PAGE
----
How synthetic biology is shaping the menu of the future
The Takeaway: Climate change, population growth, shrinking agricultural land, and the obesity epidemic are conspiring to disrupt what we eat, and in some cases are making it harder for the world’s most nutritionally at-risk people to eat at all. Synthetic biology food production is stepping in to offer some solutions to these mounting problems.
From Burger King’s Impossible Whopper to vegan melting cheeses, synthetic biology food production is changing the way we think about food and are pushing the boundaries of what is possible in the field.
“Synthetic biology applications span from simple gene editing combined with fermentation processes, to cellular meats that culture food products from animal cells in the lab, to gene drive applications intended to change an organism’s genetics in the environment,” notes Civil Eats.
The modification of foods into more nutritious, hardier, and easier-to-grow varieties has gone on for more than 10,000 years. In the 1940s, American agronomist Norman Borlaug bred a strain of wheat which grew fast resisted disease, and was strong enough to support its own weight. In turn, Borlaug’s “green revolution” helped avert famine: Mexico became self-sufficient in grain, and yields doubled in India and Pakistan.
Today, efforts are aimed at creating plants which are better adapted at withstanding drought, as noted in one study. Elsewhere, gene modification is improving the nutrient profiles of crops, particularly corn and rice. Yet, s biggest strides in the field will likely come from meat production.
How is synthetic biology applied to food?
Synthetic biologists alter food by first identifying the gene sequences responsible for certain desired qualities, like the beefiness of beef or the sweetness of sugar. Usually, this is a protein, which is recognized, recreated chemically in a lab, and placed in yeast or bacteria cells. Fermentation mass produces these proteins, which become food or fiber ingredients.
Synthetic biology’s biggest strides likely to come from beef
Yet, it is the beef industry where the real gains will be made. Gene selection has helped humans turn wild aurochs into today’s beef cattle and dairy cows, and turn wild sheep into today’s wool-bearing mainstays. But many see these staples as environmentally devastating, responsible for methane emissions, rainforest clearing, and global transportation efforts that exacerbate global warming. A number of innovators are working to change those trajectories. Scientists have begun looking to improve livestock by using CRISPR to directly edit the genomes of cows and chickens. Already, brewers are using CRISPR to create hoppy beer without using actual hops, which saves water and standardizes flavor.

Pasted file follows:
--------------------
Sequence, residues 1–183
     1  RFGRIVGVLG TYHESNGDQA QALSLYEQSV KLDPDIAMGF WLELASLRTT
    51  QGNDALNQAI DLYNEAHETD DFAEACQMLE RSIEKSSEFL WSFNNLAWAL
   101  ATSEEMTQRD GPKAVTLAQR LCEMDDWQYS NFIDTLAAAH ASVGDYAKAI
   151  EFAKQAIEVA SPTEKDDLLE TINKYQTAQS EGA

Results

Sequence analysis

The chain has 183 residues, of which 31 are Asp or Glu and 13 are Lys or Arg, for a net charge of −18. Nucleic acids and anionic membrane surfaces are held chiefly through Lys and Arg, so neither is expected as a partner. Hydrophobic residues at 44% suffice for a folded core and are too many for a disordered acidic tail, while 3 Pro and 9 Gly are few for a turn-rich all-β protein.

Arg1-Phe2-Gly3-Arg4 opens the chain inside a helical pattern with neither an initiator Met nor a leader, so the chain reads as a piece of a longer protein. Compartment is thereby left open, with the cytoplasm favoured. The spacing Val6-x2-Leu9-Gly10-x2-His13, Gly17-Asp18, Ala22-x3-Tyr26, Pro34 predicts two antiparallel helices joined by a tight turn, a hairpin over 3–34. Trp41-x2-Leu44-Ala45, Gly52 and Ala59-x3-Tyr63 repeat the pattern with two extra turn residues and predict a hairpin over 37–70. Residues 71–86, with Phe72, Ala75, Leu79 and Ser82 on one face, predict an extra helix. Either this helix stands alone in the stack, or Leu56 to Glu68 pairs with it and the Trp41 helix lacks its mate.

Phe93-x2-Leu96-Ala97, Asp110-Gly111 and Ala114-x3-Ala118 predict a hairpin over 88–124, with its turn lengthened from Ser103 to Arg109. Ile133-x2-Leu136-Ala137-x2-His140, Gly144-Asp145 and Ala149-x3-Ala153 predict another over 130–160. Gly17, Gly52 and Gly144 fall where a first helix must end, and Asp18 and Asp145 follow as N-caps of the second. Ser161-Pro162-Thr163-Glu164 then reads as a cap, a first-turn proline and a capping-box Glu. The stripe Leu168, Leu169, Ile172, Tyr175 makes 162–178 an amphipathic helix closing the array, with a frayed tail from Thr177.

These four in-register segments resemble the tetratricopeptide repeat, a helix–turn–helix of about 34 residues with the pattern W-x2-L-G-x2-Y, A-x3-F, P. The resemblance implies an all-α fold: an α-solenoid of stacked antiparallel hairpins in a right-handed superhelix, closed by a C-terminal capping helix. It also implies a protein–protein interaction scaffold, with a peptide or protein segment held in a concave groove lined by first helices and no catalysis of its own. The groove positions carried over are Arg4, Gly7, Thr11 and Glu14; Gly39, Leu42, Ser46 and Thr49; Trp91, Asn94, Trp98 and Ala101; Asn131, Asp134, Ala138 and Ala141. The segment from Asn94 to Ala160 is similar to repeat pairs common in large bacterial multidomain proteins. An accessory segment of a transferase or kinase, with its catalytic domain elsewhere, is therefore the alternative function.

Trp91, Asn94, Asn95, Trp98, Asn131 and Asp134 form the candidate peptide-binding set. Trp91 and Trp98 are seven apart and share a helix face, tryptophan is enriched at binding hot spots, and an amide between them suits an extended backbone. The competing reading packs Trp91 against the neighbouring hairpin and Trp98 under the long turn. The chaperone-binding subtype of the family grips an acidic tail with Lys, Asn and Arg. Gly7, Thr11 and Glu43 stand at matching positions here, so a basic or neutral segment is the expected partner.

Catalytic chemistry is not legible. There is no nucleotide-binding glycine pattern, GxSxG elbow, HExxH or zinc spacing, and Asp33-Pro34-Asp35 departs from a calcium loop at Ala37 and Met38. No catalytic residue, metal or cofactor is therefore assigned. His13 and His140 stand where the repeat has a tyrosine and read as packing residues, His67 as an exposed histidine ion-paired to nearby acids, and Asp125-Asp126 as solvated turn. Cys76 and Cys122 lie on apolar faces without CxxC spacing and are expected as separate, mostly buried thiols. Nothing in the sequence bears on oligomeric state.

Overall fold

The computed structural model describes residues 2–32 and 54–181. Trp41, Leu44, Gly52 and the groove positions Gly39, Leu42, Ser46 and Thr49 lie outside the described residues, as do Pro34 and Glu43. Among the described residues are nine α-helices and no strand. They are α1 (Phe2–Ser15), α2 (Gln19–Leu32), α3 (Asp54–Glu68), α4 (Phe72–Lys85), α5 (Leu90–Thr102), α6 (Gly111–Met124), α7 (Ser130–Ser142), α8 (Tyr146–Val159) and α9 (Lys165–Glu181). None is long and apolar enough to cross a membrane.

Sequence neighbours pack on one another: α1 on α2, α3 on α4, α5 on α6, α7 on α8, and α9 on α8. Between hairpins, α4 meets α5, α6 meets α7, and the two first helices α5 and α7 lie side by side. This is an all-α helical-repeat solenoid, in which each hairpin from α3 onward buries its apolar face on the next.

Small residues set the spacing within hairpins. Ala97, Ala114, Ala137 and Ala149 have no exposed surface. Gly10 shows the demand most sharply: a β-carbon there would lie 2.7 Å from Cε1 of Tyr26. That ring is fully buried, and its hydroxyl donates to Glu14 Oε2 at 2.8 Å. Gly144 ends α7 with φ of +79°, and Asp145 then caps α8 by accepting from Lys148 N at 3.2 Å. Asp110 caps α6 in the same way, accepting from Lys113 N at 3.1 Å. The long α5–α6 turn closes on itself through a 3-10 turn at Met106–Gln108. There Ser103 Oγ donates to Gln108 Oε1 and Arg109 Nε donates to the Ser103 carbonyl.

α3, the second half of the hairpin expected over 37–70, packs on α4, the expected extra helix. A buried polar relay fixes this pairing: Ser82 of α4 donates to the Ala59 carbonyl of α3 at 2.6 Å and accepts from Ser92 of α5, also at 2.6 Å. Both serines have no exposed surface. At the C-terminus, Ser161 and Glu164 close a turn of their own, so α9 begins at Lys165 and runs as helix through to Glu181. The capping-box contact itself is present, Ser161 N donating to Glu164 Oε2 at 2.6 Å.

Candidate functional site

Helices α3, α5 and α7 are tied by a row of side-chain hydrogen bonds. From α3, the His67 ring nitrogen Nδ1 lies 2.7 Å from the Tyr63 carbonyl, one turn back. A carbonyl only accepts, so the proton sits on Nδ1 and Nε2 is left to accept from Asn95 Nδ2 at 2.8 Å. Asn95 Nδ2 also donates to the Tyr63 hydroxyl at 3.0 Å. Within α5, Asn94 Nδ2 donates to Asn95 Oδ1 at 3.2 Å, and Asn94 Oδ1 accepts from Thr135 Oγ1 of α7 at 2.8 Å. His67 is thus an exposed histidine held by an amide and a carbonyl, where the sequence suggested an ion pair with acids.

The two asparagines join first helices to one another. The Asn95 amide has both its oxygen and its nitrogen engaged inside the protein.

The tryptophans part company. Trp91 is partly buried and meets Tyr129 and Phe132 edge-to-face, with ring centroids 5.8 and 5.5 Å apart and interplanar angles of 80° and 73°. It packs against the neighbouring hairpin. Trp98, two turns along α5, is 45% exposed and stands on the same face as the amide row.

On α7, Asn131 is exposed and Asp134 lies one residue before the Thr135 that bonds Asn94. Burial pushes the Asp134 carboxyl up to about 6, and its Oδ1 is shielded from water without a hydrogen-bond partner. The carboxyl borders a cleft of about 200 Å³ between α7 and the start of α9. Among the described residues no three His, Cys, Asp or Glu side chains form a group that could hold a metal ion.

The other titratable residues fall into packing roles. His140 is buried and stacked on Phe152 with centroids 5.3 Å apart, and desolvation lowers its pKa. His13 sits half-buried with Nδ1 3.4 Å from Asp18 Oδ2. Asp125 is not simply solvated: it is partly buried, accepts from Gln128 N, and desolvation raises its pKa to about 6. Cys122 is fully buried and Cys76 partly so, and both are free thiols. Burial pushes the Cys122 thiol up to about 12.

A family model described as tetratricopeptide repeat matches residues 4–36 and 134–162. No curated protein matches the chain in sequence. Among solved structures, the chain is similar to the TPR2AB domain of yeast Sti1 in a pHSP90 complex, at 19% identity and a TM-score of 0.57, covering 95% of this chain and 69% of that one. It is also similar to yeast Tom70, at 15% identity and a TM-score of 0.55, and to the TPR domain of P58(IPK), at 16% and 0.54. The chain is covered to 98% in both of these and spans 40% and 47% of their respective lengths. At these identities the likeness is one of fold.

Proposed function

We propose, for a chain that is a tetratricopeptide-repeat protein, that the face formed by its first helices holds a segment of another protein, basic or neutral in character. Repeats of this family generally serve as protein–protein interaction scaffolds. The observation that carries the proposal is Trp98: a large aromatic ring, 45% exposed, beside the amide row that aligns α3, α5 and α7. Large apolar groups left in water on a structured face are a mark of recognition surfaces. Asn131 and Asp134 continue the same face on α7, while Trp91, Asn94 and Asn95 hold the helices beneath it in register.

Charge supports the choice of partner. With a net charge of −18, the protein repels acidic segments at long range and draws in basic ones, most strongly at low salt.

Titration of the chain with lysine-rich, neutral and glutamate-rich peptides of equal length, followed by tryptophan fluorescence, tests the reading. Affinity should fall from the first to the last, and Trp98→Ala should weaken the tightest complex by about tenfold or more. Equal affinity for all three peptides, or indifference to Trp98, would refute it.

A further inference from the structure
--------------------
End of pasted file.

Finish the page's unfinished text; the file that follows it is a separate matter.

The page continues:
Mosa Meat claims to have gotten the patty rolling with the “world’s first slaughter-free meat,” which dates to 2013; the company uses stem cells for its product.
Impossible Foods extracts heme from yeast to produce a meat alternative that has the same mouthfeel as real meat. The company’s CEO, Pat Brown, recently told Reuters that the company can’t keep up with demand, and coincidentally, was picked by Disney as the preferred plant-based burger supplier for its menus.
Synthetic biology’s role in creating plant-based dairy products
Synthetic biology is also revolutionizing the cheese industry, reports the Los Angeles Times. Plant-based dairy is nothing new, but start-ups are using new tech to take the concept a step further. Perfect Day brews a substance which looks, tastes, and feels like milk using engineered yeast; the company has repeatedly sold out of its ice cream.
Synthetic biology and the future of sustainable food
What’s next? It’s important to acknowledge that there is a definite stigma and additional regulatory restrictions for cultured meat. But as with most drug discovery processes , the role of synthetic biology in food is bright, wrote Food for Thought CEO Christine Gould for Medium, with plenty of opportunities for synthetic biology in agriculture and plants. “There’s lots of room for passionate young innovators to get involved in shaping the future of this technology,” wrote Gould. “In the future we are working toward every man, woman and child having adequate access to safe, nutritious food. We’re able to feed a planet of 9+ billion people without compromising our natural resources. And every day that passes, we discover new, surprising ways to improve our food systems.”